At block 232, it is determined whether the Bluetooth control packet is an inquiry request intended for the Bluetooth device. For example, the correlators 128 can determine whether the Bluetooth control packet is an inquiry request intended for the Bluetooth device. In one example, the correlators 128 can comprise an inquiry correlator (e.g., the inquiry correlator 610 of FIG. 6) that correlates the predetermined number 530 of the RF signal samples with a general inquiry access code (GIAC) address. A successful correlation between the RF signal samples and the GIAC address can indicate that the received RF signal comprises a Bluetooth inquiry request intended for the Bluetooth device. A failed correlation between the RF signal samples and the GIAC address can indicate that the received RF signal does not comprise a Bluetooth inquiry request. A failed correlation between the RF signal samples and the GIAC address can also indicate that the received RF signal comprises a Bluetooth control packet that is not intended for the Bluetooth device. If it is determined that the Bluetooth control packet is an inquiry request intended for the Bluetooth device, the flow continues at block 234. Otherwise, the flow continues at block 236.

At block 234, an inquiry response corresponding to the received inquiry request is generated and transmitted. For example, in response to determining that the Bluetooth control packet is an inquiry request intended for the Bluetooth device, the inquiry correlator 610 can generate a notification to cause a response generation unit (not shown in the Figures) of the Bluetooth device to generate the corresponding inquiry response. In one implementation, the notification can be an interrupt (e.g., a hardware interrupt or a software interrupt) that indicates that an inquiry request intended for the Bluetooth device was detected and that a corresponding inquiry response should be generated. In some examples, the notification can also indicate the time instant at which the inquiry request was detected, a Bluetooth control channel on which the inquiry request was detected, and/or other information associated with the Bluetooth control channel on which the inquiry request was detected (e.g., a frequency offset associated with the Bluetooth control channel). In some implementations, the response generation unit can access a previously stored inquiry response message. The response generation unit can identify a Bluetooth control channel on which to transmit the inquiry response message and can transmit the inquiry response message. From block 234, the flow ends.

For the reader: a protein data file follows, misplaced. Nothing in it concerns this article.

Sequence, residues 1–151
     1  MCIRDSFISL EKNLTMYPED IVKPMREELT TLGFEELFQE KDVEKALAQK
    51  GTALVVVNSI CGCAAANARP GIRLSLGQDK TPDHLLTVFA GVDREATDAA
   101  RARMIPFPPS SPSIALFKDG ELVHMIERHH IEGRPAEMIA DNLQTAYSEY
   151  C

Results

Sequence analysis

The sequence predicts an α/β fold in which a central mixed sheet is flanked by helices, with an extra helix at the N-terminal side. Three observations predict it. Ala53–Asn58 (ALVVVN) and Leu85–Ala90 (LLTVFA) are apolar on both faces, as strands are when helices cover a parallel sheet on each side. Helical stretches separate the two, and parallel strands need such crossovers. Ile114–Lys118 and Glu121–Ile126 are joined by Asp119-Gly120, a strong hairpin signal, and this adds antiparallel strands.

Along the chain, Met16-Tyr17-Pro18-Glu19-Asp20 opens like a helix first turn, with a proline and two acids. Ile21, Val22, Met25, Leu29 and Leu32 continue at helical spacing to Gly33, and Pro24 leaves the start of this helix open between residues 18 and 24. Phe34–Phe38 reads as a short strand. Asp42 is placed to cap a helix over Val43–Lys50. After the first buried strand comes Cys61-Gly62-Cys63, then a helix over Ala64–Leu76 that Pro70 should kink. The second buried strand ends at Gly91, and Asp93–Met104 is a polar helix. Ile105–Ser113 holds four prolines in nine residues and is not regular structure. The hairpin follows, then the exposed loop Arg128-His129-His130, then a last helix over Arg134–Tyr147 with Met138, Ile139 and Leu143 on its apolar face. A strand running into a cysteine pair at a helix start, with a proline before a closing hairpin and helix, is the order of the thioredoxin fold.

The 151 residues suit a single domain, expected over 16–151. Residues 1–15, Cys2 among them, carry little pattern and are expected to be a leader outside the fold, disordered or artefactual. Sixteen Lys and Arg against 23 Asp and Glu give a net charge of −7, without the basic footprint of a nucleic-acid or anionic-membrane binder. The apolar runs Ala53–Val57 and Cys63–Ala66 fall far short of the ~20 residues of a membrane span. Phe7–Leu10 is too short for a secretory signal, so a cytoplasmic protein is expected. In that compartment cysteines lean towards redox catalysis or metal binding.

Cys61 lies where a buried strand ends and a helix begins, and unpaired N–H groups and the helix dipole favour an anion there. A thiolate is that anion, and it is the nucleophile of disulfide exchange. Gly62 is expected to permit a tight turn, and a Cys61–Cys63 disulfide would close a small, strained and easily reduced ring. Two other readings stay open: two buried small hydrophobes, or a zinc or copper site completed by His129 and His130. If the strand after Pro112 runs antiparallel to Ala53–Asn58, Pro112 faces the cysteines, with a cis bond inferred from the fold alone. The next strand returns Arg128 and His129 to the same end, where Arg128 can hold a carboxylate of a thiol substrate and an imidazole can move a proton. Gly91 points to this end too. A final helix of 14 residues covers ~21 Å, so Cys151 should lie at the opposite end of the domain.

At block 236, it is determined whether the Bluetooth control packet is a page request intended for the Bluetooth device. For example, the correlators 128 can determine whether the Bluetooth control packet is a page request intended for the Bluetooth device. In one example, the correlators 128 can comprise a paging correlator (e.g., the paging correlator 612 of FIG. 6) that correlates the predetermined number 530 of the RF signal samples with the Bluetooth device (BD) address. A successful correlation between the RF signal samples and the BD address can indicate that the received RF signal comprises a Bluetooth page request intended for the Bluetooth device. A failed correlation between the RF signal samples and the BD address can indicate that the received RF signal does not comprise a Bluetooth page request intended for the Bluetooth device. If it is determined that the Bluetooth control packet is a page request intended for the Bluetooth device, the flow continues at block 238. Otherwise, the flow continues at block 240.

At block 238, a page response corresponding to the received page request is generated and transmitted. For example, in response to determining that the Bluetooth control packet is a page request intended for the Bluetooth device, the paging correlator 612 can generate a notification to cause the response generation unit of the Bluetooth device to generate the corresponding page response. In one implementation, the response generation unit can access a previously stored page response that was generated based on the BD address. The response generation unit can identify a Bluetooth control channel on which to transmit the page response and can transmit the page response. From block 238, the flow ends.